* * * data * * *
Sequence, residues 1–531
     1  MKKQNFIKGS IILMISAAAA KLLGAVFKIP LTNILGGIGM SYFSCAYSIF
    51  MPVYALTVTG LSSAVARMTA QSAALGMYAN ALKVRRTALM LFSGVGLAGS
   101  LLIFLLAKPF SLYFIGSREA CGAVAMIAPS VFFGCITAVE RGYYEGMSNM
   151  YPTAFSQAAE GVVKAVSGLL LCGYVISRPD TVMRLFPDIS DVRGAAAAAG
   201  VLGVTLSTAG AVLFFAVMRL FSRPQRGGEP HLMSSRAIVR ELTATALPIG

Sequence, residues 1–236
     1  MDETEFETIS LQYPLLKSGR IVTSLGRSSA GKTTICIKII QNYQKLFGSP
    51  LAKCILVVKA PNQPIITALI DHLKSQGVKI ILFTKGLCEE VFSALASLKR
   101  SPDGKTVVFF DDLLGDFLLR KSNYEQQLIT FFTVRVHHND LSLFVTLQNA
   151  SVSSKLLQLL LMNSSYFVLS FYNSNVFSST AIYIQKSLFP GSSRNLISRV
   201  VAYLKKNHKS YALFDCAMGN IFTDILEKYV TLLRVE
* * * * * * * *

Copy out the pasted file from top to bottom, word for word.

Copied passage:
Sequence, residues 1–531
     1  MKKQNFIKGS IILMISAAAA KLLGAVFKIP LTNILGGIGM SYFSCAYSIF
    51  MPVYALTVTG LSSAVARMTA QSAALGMYAN ALKVRRTALM LFSGVGLAGS
   101  LLIFLLAKPF SLYFIGSREA CGAVAMIAPS VFFGCITAVE RGYYEGMSNM
   151  YPTAFSQAAE GVVKAVSGLL LCGYVISRPD TVMRLFPDIS DVRGAAAAAG
   201  VLGVTLSTAG AVLFFAVMRL FSRPQRGGEP HLMSSRAIVR ELTATALPIG

Sequence, residues 1–236
     1  MDETEFETIS LQYPLLKSGR IVTSLGRSSA GKTTICIKII QNYQKLFGSP
    51  LAKCILVVKA PNQPIITALI DHLKSQGVKI ILFTKGLCEE VFSALASLKR
   101  SPDGKTVVFF DDLLGDFLLR KSNYEQQLIT FFTVRVHHND LSLFVTLQNA
   151  SVSSKLLQLL LMNSSYFVLS FYNSNVFSST AIYIQKSLFP GSSRNLISRV
   201  VAYLKKNHKS YALFDCAMGN IFTDILEKYV TLLRVE